In Their Own League – Sheffield Doc/Fest Exclusive Review: ‘Film About a Father Who’

Sheffield Doc/Fest Exclusive Review: ‘Film About a Father Who’
In Their Own League
Review By Bianca Garner
July 12, 2020

Lynne Sachs’ documentaries are quite unlike anything else you will ever see. Poetic, impactful and moving journeys into unique worlds which are rarely captured on-screen, whether it’s the hidden world of laundrettes in her film “The Washing Society” or the world of immigrants sharing a ‘shift-bed’ in “Your Day Is My Night”. Every film feels like it has a personal connection to Sachs, but it is perhaps her latest film, “Film About a Father Who” that is her most personal yet. 

Over a period of 35 years between 1984 and 2019, Lynne shot 8 and 16mm film, videotape and digital images of her father, Ira Sachs Sr., an eccentric businessman from Park City, Utah. What the film ultimately becomes is a study, or rather, an investigation into this mysterious man that Lynne and her siblings (both known and unknown) call father. This is clearly an attempt to separate the man from the myth, but it becomes evidently clear that this is not an easy task to conduct. 

Film About a Father Who still

“Film About a Father Who” opens with the present day, we open with a close-up shot of an elderly man (Ira) having his hair combed. Compared to the different versions of Ira that we see throughout the film, this version seems almost a shadow of his former self, but he still holds onto his secrets, playing his cards close to his chest. Throughout the film we are introduced to the many faces and personas of Ira, but like Lynne and her siblings it’s hard trying to discover the real Ira. 

There’s the savvy businessman, the man we see skiing whilst talking on a cellphone. This version of Ira, we are told, worked from a shoebox and called himself a ‘hippy businessman’ who didn’t want to be defined by his work. It wasn’t really about his work, but the stuff that surrounded his work life.  There was the husband to Lynne’s mother, Dianne. In interviews we hear how she had her doubts about the wedding but loved him and overlooked those issues. “I tried to convince myself that this was what marriages were.” Ira isn’t a “swan” in his own words, he can’t settle down with one mate for life, “I wasn’t suitable for marriage, I didn’t want to burden your mother with that.”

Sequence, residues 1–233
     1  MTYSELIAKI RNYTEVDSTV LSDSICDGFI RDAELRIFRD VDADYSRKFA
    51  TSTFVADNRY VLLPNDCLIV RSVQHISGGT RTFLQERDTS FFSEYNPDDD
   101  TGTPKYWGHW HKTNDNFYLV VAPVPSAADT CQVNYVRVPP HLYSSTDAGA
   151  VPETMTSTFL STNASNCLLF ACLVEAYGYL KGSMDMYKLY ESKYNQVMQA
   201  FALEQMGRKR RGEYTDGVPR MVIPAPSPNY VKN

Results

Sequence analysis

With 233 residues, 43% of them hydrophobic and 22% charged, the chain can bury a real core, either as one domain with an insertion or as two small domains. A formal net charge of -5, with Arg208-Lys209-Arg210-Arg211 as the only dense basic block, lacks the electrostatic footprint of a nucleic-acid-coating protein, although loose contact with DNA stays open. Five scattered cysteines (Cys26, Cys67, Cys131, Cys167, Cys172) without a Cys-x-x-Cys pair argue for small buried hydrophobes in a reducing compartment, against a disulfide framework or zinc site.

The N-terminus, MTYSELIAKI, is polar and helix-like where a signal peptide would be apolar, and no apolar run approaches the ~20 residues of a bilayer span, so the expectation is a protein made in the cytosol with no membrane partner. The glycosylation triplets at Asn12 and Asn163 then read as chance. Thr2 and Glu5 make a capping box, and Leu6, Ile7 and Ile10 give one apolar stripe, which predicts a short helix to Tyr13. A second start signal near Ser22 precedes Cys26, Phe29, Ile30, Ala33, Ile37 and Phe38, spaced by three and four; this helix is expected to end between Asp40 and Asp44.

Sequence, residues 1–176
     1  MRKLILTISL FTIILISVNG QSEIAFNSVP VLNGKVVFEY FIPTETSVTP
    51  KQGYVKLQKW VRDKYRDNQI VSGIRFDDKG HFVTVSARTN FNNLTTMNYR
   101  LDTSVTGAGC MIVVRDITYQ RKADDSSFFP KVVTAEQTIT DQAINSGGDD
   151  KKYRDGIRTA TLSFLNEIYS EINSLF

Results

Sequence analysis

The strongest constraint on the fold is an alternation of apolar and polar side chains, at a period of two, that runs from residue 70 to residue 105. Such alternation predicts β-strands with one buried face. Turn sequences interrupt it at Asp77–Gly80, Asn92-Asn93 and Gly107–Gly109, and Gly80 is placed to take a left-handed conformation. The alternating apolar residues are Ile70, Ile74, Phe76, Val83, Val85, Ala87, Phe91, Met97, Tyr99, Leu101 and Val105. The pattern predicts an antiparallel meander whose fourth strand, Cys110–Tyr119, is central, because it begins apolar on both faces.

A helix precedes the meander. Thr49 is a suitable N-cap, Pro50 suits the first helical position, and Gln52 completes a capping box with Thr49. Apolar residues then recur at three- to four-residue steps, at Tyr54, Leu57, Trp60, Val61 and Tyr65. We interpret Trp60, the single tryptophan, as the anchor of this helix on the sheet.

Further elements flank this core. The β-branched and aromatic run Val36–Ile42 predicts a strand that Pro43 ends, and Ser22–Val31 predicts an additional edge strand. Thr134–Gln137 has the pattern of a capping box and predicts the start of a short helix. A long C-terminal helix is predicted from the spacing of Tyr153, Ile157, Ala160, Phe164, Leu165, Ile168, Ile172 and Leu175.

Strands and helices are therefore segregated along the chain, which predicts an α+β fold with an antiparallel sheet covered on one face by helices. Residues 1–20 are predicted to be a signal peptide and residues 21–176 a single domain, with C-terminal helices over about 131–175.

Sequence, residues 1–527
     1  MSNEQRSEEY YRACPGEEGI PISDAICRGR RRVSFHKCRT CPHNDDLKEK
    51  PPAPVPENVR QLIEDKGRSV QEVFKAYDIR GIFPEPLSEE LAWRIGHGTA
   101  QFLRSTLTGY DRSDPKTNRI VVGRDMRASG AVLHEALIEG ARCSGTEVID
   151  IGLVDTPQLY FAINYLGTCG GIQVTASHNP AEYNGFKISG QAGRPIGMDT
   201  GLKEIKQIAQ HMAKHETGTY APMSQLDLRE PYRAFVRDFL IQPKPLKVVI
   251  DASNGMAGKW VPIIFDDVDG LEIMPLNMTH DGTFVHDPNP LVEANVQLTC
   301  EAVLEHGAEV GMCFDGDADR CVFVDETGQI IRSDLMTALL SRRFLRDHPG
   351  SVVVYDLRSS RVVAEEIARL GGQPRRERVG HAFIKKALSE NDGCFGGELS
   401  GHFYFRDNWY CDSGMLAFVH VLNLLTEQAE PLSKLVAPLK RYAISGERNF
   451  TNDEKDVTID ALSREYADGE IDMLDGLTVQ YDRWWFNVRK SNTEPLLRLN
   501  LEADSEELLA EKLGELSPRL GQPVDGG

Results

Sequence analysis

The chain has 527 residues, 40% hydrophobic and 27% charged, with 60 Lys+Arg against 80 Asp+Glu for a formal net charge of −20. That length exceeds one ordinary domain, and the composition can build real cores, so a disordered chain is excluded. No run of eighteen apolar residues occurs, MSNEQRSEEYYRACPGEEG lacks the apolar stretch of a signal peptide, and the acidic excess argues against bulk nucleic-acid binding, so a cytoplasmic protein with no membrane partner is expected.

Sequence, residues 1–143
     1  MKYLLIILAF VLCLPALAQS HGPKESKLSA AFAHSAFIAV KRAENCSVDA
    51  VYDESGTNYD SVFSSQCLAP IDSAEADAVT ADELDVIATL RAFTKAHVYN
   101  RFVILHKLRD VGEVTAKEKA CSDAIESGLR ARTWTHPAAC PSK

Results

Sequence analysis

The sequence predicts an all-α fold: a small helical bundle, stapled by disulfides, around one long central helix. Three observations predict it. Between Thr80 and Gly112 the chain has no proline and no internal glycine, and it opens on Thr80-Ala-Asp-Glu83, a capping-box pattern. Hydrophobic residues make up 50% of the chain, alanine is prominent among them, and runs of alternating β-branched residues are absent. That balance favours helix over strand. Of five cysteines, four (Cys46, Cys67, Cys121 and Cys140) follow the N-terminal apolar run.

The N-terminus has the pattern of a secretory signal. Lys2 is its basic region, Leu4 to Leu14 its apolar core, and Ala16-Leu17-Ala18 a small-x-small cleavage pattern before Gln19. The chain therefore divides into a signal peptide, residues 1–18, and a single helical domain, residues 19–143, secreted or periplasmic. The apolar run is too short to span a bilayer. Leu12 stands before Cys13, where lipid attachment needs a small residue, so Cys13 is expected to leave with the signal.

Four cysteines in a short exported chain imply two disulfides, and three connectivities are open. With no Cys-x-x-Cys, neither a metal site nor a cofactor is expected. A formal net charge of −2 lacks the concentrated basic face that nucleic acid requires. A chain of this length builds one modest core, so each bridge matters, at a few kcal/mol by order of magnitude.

Ira Sachs, Sr. in Park City Utah. From FILM ABOUT A FATHER WHO (2020) by Lynne Sachs.

There’s the ‘playboy’ version of Ira. The man who is dubbed the ‘Hugh Hefner of Park City’ and would throw lavish parties. The man with a revolving door of girlfriends and wives. During the documentary Lynne and her siblings comment on how difficult it was to recall all their names. Lynne also contains interviews with some of the prominent wives and girlfriends, such as Diana, his second wife from Bali. Her tale is a tragic one, she was in her own words “naive and so innocent” when she married him and came to the States. However, it isn’t hard to see why women are drawn to Ira, he has this magnetic charm and charismatic presence that Lynne brilliantly captures with her camera. 

Photo collage from Film About A Father Who

And, then there’s also the ‘son’. A son that didn’t want his mother to know that he owned two red Cadillacs and say that he was extragevant. The son who bickers with his eldery mother but also seems to dote on her too. The son who was separated from his mother at an early age only to be reunited years later. Without giving away too many details in this review, this glimpse into the early life of Ira and the trauma that he endured does allow us to gain some understanding into the mystery that is Ira Sachs Sr.

Watching the documentary you can understand Lynne and her siblings’ frustrations and maybe even resentment towards their father especially when it concerns certain details about half-siblings. With “Film About a Father Who” we are presented with the fundamental truth that people are complicated creatures who are sometimes impossible to understand fully. This may frustrate some viewers because we aren’t granted all the explanations and the details are confusing to follow at times, but real life is a tangled mess of names, dates and distant memories.

Ultimately, “Film About a Father Who” is a family home-video like nothing else you’ve ever seen before. This is an interesting film to experience, presented in Lynne Sachs’ beautifully abstract and artistic approach to filmmaking, which some viewers may find alienating but I encourage you to stick with it.  I must offer gratitude to the Sachs’ family for allowing us access into their world and to experience it with them even if it’s just for a short period of time. Raw, honest and eye-opening. “Film About a Father Who” is just like its subject matter, something quite extraordinary.

Please Note: “Film About a Father Who” is to be screened in Sheffield in Autumn, and online on Sheffield Doc/Fest Selects in parallel.